2D materials, such as graphene, hexagonal boron nitride (hBN), and transition-metal dichalcogenides (TMDs), are intrinsically flexible, can withstand very large strains (>10% lattice deformations), and their optoelectronic properties display a clear and distinctive response to an applied stress. As such, they are uniquely positioned both for the investigation of the effects of mechanical deformations on solid-state systems and for the exploitation of these effects in innovative devices. For example, 2D materials can be easily employed to transduce nanometric mechanical deformations into, e.g., clearly detectable electrical signals, thus enabling the fabrication of high-performance sensors; just as easily, however, external stresses can be used as a “knob” to dynamically control the properties of 2D materials, thereby leading to the realization of strain-tuneable, fully reconfigurable devices. Here, the main methods are reviewed to induce and characterize, at the nm level, mechanical deformations in 2D materials. After presenting the latest results concerning the mechanical, elastic, and adhesive properties of these unique systems, one of their most promising applications is briefly discussed: the realization of nano-electromechanical systems based on vibrating 2D membranes, potentially capable of operating at high frequencies (>100 MHz) and over a large dynamic range.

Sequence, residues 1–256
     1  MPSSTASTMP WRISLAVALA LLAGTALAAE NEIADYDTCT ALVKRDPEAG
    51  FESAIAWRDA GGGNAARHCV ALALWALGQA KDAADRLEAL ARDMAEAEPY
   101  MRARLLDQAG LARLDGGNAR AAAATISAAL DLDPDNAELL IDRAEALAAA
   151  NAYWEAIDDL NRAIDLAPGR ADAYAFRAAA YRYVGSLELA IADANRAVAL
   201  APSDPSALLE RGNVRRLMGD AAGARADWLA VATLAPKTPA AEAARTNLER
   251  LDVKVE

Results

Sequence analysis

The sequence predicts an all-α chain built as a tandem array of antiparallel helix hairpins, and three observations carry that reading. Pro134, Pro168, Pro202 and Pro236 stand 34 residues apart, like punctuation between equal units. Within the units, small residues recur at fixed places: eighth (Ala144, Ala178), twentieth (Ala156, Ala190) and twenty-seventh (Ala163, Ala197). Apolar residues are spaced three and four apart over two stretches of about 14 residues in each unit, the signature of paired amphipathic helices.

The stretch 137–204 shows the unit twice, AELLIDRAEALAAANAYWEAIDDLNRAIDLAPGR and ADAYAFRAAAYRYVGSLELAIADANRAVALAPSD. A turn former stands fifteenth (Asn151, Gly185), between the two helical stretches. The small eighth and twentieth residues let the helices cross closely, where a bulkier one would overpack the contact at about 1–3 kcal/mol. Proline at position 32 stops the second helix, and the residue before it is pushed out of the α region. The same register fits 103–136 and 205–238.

File in questo prodotto:
Non ci sono file associati a questo prodotto.